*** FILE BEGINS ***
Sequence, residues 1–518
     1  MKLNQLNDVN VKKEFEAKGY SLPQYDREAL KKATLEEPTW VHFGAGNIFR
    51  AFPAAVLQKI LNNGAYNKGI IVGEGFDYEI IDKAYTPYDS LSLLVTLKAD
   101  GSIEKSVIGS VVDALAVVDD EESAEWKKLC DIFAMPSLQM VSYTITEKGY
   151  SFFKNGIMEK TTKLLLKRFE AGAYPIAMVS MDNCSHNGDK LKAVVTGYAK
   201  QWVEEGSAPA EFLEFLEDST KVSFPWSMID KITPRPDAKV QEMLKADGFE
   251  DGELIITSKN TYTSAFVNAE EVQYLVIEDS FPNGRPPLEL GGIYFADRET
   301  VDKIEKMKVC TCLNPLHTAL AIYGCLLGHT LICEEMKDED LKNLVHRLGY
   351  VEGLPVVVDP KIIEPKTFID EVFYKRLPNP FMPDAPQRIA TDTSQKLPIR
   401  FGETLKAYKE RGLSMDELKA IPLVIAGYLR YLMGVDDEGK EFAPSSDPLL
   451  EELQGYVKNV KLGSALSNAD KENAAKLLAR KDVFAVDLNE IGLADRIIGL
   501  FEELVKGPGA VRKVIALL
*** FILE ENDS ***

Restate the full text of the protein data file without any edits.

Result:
Sequence, residues 1–518
     1  MKLNQLNDVN VKKEFEAKGY SLPQYDREAL KKATLEEPTW VHFGAGNIFR
    51  AFPAAVLQKI LNNGAYNKGI IVGEGFDYEI IDKAYTPYDS LSLLVTLKAD
   101  GSIEKSVIGS VVDALAVVDD EESAEWKKLC DIFAMPSLQM VSYTITEKGY
   151  SFFKNGIMEK TTKLLLKRFE AGAYPIAMVS MDNCSHNGDK LKAVVTGYAK
   201  QWVEEGSAPA EFLEFLEDST KVSFPWSMID KITPRPDAKV QEMLKADGFE
   251  DGELIITSKN TYTSAFVNAE EVQYLVIEDS FPNGRPPLEL GGIYFADRET
   301  VDKIEKMKVC TCLNPLHTAL AIYGCLLGHT LICEEMKDED LKNLVHRLGY
   351  VEGLPVVVDP KIIEPKTFID EVFYKRLPNP FMPDAPQRIA TDTSQKLPIR
   401  FGETLKAYKE RGLSMDELKA IPLVIAGYLR YLMGVDDEGK EFAPSSDPLL
   451  EELQGYVKNV KLGSALSNAD KENAAKLLAR KDVFAVDLNE IGLADRIIGL
   501  FEELVKGPGA VRKVIALL